Die letzten 5 Focus-News des innovations-reports im Überblick:

Im Focus: Etching Microstructures with Lasers

Ultrafast lasers have introduced new possibilities in engraving ultrafine structures, and scientists are now also investigating how to use them to etch microstructures into thin glass. There are possible applications in analytics (lab on a chip) and especially in electronics and the consumer sector, where great interest has been shown.

This new method was born of a surprising phenomenon: irradiating glass in a particular way with an ultrafast laser has the effect of making the glass up to a...

Im Focus: Light-driven atomic rotations excite magnetic waves

Terahertz excitation of selected crystal vibrations leads to an effective magnetic field that drives coherent spin motion

Controlling functional properties by light is one of the grand goals in modern condensed matter physics and materials science. A new study now demonstrates how...

Im Focus: New 3-D wiring technique brings scalable quantum computers closer to reality

Researchers from the Institute for Quantum Computing (IQC) at the University of Waterloo led the development of a new extensible wiring technique capable of controlling superconducting quantum bits, representing a significant step towards to the realization of a scalable quantum computer.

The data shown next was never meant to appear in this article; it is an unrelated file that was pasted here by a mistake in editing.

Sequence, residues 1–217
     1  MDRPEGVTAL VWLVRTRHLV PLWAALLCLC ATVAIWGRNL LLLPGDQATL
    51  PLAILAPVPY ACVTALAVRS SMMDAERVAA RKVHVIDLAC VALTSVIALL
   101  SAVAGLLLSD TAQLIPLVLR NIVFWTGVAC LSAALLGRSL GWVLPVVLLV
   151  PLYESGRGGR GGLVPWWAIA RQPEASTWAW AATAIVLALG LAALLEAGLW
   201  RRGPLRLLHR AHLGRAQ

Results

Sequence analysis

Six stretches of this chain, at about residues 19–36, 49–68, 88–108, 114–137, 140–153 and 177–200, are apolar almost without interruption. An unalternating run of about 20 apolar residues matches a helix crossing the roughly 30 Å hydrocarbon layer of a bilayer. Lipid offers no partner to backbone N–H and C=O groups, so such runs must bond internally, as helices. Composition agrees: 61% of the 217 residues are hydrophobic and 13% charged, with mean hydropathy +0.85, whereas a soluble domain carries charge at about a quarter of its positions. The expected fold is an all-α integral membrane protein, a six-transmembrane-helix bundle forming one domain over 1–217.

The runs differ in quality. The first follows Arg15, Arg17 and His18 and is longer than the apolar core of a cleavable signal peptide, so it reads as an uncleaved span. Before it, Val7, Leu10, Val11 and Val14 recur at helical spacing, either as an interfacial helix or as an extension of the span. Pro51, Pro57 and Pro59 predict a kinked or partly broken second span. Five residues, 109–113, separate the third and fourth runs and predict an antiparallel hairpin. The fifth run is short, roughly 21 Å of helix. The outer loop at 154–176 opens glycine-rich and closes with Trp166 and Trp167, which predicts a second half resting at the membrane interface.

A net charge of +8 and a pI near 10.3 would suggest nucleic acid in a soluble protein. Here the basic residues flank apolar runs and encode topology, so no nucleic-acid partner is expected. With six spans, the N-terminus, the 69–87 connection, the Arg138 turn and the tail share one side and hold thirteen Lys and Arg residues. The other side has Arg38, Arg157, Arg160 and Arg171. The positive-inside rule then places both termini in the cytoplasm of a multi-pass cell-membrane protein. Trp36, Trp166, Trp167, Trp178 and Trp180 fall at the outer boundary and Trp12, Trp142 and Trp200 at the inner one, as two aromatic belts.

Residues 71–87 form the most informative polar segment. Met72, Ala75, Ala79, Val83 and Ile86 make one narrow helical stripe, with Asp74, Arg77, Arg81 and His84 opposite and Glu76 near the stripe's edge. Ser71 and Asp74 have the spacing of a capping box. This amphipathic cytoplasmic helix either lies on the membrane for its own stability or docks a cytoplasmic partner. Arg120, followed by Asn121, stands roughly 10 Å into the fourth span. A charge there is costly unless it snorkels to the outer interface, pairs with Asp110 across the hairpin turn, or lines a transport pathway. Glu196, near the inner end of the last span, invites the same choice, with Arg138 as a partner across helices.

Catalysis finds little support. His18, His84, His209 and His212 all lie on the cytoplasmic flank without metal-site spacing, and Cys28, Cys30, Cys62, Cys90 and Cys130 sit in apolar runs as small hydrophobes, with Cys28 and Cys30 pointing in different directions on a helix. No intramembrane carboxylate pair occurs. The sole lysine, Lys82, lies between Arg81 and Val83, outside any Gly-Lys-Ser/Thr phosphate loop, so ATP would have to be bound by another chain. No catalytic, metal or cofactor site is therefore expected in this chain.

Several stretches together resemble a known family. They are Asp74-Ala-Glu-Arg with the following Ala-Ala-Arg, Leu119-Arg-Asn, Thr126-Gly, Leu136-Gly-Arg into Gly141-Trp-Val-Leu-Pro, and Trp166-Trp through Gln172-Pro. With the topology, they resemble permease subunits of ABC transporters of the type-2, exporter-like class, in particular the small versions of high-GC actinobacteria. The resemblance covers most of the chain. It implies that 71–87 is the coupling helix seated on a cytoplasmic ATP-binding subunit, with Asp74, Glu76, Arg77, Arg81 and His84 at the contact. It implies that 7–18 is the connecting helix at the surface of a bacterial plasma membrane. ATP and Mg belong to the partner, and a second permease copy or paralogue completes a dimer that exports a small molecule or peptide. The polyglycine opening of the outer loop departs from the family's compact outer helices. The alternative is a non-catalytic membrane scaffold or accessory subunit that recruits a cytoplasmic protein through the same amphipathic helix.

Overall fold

"The quantum socket is a wiring method that uses three-dimensional wires based on spring-loaded pins to address individual qubits," said Jeremy Béjanin, a PhD...

Im Focus: Scientists develop a semiconductor nanocomposite material that moves in response to light

In a paper in Scientific Reports, a research team at Worcester Polytechnic Institute describes a novel light-activated phenomenon that could become the basis for applications as diverse as microscopic robotic grippers and more efficient solar cells.

A research team at Worcester Polytechnic Institute (WPI) has developed a revolutionary, light-activated semiconductor nanocomposite material that can be used...

Im Focus: Diamonds aren't forever: Sandia, Harvard team create first quantum computer bridge

By forcefully embedding two silicon atoms in a diamond matrix, Sandia researchers have demonstrated for the first time on a single chip all the components needed to create a quantum bridge to link quantum computers together.

"People have already built small quantum computers," says Sandia researcher Ryan Camacho. "Maybe the first useful one won't be a single giant quantum computer...

All Focus news of the innovation-report >>>



Event News

#IC2S2: When Social Science meets Computer Science - GESIS will host the IC2S2 conference 2017

14.10.2016 | Event News

Agricultural Trade Developments and Potentials in Central Asia and the South Caucasus

14.10.2016 | Event News

World Health Summit – Day Three: A Call to Action

12.10.2016 | Event News

Latest News

Greater Range and Longer Lifetime

26.10.2016 | Power and Electrical Engineering

VDI presents International Bionic Award of the Schauenburg Foundation

26.10.2016 | Awards Funding

3-D-printed magnets

26.10.2016 | Power and Electrical Engineering

More VideoLinks >>>